The Workboat Show ended at 5pm every evening, which gave you time to walk around the city a little bit. Also to go back to the hotel and relax before heading out for dinner. After doing 15k steps every day at the conference I decided to have dinner close by, especially since it was an early start in the morning.

Here’s a list of restaurants I enjoyed eating at and happy to find accommodating to gluten-free. I must admit each night I researched them online first, checked out their menu and most important their wine list. I wanted to eat somewhere the locals go and enjoy the New Orleans experience.

Places to Eat with Gluten and Dairy-free Options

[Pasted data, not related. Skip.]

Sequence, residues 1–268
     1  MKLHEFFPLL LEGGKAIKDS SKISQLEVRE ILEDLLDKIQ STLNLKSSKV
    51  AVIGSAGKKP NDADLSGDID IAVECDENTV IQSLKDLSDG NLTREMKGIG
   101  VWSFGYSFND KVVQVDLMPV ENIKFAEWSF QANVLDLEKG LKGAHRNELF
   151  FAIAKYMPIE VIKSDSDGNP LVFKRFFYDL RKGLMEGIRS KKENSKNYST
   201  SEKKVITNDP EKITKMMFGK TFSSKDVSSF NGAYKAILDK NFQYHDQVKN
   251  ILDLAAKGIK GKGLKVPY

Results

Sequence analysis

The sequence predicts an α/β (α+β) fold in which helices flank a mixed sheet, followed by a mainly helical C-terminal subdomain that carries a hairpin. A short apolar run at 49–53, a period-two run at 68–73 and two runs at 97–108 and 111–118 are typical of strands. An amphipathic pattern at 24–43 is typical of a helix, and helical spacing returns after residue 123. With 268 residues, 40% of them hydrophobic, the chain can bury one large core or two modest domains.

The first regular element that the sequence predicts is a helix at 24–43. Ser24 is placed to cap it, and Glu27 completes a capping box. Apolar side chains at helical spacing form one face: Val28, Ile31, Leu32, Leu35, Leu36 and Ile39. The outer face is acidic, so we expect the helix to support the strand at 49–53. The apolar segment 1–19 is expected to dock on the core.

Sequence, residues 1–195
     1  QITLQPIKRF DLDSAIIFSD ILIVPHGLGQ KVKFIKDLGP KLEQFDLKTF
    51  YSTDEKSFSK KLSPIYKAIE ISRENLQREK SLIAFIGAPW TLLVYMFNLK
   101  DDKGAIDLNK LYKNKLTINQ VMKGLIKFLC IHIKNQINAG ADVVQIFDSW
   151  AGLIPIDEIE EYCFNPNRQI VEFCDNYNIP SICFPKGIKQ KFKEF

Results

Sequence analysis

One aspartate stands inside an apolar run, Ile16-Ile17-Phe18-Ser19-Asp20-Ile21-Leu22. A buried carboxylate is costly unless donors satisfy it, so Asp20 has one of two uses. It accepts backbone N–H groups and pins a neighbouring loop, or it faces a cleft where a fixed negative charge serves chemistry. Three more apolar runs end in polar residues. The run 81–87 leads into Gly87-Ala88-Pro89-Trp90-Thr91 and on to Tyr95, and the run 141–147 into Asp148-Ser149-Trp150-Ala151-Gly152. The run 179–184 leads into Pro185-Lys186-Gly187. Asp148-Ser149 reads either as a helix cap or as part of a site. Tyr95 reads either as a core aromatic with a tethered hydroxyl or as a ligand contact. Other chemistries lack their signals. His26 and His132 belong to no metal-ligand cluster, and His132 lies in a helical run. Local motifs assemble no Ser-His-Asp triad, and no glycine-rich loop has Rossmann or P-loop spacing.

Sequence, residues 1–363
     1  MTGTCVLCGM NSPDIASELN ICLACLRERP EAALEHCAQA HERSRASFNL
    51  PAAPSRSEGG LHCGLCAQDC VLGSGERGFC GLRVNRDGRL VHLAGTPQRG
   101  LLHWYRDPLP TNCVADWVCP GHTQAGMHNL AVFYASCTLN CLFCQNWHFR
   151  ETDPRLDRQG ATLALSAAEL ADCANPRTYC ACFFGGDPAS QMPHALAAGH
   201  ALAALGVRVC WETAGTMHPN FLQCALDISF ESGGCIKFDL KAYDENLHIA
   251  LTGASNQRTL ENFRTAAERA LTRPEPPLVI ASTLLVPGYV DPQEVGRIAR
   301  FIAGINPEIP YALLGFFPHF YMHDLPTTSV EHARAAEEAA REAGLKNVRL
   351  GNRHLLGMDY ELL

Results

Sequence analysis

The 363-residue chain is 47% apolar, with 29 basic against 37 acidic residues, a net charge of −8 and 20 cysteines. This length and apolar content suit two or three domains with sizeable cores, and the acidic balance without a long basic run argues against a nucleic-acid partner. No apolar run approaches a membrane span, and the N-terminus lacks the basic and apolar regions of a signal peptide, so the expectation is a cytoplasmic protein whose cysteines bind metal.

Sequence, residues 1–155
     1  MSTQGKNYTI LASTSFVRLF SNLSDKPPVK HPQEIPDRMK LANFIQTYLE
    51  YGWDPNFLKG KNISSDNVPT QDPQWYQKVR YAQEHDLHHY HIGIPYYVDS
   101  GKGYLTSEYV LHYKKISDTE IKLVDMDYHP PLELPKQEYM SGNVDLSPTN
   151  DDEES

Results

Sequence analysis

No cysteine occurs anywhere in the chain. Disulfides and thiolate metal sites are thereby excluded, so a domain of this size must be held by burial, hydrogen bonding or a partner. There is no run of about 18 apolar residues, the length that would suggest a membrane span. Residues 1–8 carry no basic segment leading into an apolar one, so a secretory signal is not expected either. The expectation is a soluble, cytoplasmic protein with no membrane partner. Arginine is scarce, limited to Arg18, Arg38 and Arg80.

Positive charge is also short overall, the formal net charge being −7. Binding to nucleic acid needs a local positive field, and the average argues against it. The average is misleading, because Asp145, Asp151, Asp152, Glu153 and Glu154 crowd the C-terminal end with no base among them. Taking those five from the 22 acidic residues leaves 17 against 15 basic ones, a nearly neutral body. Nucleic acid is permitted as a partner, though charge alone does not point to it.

True Food Kitchen – 801 St. Charles Street. This restaurant serves health-conscious fare. For dinner I started with a bowl of gluten and dairy free butternut squash soup with Eat More Color - sign hanging on the wall in True Food Kitchen, New Orleanssage. It arrived hot to the touch and didn’t disappoint. As I ate it, I thought about my son’s butternut squash ravioli’s with sage. (This was before I became gluten-free) My main entree was a Hawaiian rice bowl with chicken instead of ham. If you’re avoiding salt you may ask them to go light on the soy sauce. I’ve come to realize gluten-free soy sauce has loads of sodium. For my beverage a nice 6-ounce glass of Malbec.

The place had plenty of people sitting by themselves, which gave it a comfortable atmosphere. On the wall was a sign that read, “Eat More Color”. The banquets are a lime-green color with wooden tables. For those who like sitting at the bar, they have one in the middle where you can watch the kitchen staff cook in the semi-open kitchen.